Navy beans contain bioactive phytochemicals with colon cancer prevention properties as demonstrated in carcinogen-induced animal models. Human studies support that dietary navy bean intake modulates metabolism by the gut microbiome. This study investigated the effect of navy bean ingestion on plasma and urine metabolite profiles of overweight and obese colorectal cancer survivors. Twenty participants completed a single-blinded, randomized-controlled dietary intervention with precooked navy beans (35 g bean powder/day) or control (0 g/day) for 4 weeks. Plasma and urine were collected at baseline, 2 weeks, and 4 weeks following consumption. Nontargeted metabolomics was applied to study meals and snacks, navy beans, plasma, and urine. Increased navy bean consumption was hypothesized to (i) delineate dietary biomarkers and (ii) promote metabolic shifts relevant for cancer protection in the plasma and urine metabolome. At 4 weeks, 16 plasma and 16 urine metabolites were significantly different in the navy bean intervention group compared with placebo control (P < 0.05). Increased plasma 2,3-dihydroxy-2-methylbutyrate (1.34-fold), S-methylcysteine (1.92-fold), and pipecolate (3.89-fold), and urine S-adenosylhomocysteine (2.09-fold) and cysteine (1.60-fold) represent metabolites with cancer-protective actions following navy bean consumption. Diet-derived metabolites were detected in plasma or urine and confirmed for presence in the navy bean intervention meals and snacks. These included 3-(4-hydroxyphenyl)propionate, betaine, pipecolate, S-methylcysteine, choline, eicosapentaenoate (20:5n3), benzoate, S-adenosylhomocysteine, N-delta-acetylornithine, cysteine, 3-(4-hydroxyphenyl)lactate, gentisate, hippurate, 4-hydroxyhippurate, and salicylate. The navy bean dietary intervention for 4 weeks showed changes to pathways of metabolic importance to colorectal cancer prevention and merit continued attention for dietary modulation in future high-risk cohort investigations.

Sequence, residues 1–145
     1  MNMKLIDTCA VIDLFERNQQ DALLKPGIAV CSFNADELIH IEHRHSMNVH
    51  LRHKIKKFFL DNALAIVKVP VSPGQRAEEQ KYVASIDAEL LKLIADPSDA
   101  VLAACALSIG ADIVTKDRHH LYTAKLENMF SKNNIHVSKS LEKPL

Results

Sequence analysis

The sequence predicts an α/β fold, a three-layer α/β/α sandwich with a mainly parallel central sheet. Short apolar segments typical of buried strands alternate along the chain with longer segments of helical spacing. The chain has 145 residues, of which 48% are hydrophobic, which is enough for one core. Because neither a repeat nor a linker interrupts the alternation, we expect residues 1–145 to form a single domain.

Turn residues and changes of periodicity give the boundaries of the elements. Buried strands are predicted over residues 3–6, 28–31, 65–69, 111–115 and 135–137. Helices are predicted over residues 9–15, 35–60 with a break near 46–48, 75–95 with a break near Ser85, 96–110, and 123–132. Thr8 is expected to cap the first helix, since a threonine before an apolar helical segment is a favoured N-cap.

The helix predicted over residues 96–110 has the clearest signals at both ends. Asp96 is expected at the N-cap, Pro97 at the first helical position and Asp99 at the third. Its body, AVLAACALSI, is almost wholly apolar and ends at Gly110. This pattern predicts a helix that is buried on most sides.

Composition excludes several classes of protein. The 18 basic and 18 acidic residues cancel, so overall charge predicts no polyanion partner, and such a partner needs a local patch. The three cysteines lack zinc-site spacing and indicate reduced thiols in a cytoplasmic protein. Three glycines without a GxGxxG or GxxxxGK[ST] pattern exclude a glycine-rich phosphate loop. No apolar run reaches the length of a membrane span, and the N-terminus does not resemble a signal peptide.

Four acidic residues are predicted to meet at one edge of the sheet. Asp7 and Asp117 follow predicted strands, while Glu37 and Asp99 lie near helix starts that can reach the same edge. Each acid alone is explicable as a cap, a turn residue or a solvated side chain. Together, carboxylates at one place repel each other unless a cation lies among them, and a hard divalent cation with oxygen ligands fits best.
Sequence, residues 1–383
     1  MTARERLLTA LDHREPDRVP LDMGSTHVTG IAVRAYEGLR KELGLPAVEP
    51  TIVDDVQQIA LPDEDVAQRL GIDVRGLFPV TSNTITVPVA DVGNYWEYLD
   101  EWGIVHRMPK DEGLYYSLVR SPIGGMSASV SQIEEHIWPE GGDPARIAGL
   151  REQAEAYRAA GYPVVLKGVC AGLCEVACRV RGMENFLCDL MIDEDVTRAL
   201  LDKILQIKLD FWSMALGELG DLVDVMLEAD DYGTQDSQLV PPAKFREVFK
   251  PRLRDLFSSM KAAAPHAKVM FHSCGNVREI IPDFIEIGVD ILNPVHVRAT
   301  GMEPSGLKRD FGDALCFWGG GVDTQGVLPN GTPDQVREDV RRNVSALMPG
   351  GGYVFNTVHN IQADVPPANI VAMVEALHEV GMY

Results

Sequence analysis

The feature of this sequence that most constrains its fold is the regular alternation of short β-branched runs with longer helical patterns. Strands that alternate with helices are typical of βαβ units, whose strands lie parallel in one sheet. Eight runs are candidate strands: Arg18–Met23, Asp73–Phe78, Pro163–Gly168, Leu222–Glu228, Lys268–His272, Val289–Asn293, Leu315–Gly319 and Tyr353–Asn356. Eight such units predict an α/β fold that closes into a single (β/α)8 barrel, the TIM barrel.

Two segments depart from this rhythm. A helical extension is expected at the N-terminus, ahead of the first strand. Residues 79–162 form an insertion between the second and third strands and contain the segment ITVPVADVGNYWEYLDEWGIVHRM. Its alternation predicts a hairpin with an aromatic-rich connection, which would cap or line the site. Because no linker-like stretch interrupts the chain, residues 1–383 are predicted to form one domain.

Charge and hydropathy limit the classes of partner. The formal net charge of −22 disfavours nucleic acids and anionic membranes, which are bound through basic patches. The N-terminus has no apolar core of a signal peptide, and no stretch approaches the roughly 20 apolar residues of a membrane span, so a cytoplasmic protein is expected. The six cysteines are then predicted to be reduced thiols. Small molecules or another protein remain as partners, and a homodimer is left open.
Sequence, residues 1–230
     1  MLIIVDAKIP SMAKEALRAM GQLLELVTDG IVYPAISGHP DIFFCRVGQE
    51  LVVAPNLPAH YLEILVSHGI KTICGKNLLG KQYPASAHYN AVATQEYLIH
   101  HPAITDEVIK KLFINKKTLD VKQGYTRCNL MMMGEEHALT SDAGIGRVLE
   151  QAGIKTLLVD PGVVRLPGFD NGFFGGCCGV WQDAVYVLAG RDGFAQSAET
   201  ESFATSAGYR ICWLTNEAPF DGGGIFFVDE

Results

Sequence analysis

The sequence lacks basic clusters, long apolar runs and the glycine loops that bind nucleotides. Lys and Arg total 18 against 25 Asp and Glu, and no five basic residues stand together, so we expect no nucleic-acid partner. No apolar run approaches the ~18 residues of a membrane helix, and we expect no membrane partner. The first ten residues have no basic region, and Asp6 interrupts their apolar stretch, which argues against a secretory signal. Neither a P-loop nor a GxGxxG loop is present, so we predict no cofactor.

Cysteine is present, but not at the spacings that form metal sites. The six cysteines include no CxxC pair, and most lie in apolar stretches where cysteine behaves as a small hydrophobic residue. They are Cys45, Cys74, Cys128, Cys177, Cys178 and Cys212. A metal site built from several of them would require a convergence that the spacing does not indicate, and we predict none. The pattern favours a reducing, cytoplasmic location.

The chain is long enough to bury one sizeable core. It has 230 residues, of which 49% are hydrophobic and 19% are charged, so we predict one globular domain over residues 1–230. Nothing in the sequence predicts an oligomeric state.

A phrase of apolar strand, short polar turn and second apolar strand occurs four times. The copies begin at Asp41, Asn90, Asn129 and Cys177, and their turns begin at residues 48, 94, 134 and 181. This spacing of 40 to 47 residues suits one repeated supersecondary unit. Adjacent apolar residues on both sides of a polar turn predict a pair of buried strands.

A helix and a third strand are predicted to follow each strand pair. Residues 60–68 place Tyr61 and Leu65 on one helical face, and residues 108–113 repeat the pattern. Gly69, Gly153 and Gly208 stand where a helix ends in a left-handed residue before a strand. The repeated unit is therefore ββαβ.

This clinical study suggests that increased consumption of navy beans would deliver bioactive metabolites to individuals at high risk for colorectal cancer recurrence and produce metabolic shifts in plasma and urine profiles.
Legumes are globally recognized as high-quality sources of dietary fibers with prebiotic functions and are sustainable sources of essential amino acids and many other bioactive plant secondary metabolites (1–3). Epidemiologic studies and multiple clinical cohort investigations now support regular consumption of common beans for colorectal cancer prevention (4–7), and additionally promote lower risk of chronic diseases such as obesity (8–13), cardiovascular disease (14, 15), and type II diabetes (16). Hughes and colleagues reported that 59 g of pinto beans per 100 g of diet reduced colon tumor (azomethane-induced) incidence by 50% in rats compared with 24% by casein-fed rats (17). Similar to the findings of previous studies, Hangen and Bennink found that diets fed to rats containing 75% navy beans resulted in 44% decreased colon tumor and adenocarcinoma incidence (18). The consumption of ∼½ cup of cooked dry beans per day for adults was practical and significantly increased intake of fiber, protein, and minerals such as folate, zinc, iron, and magnesium, while lowers the intake of saturated fats and total fat (19–21).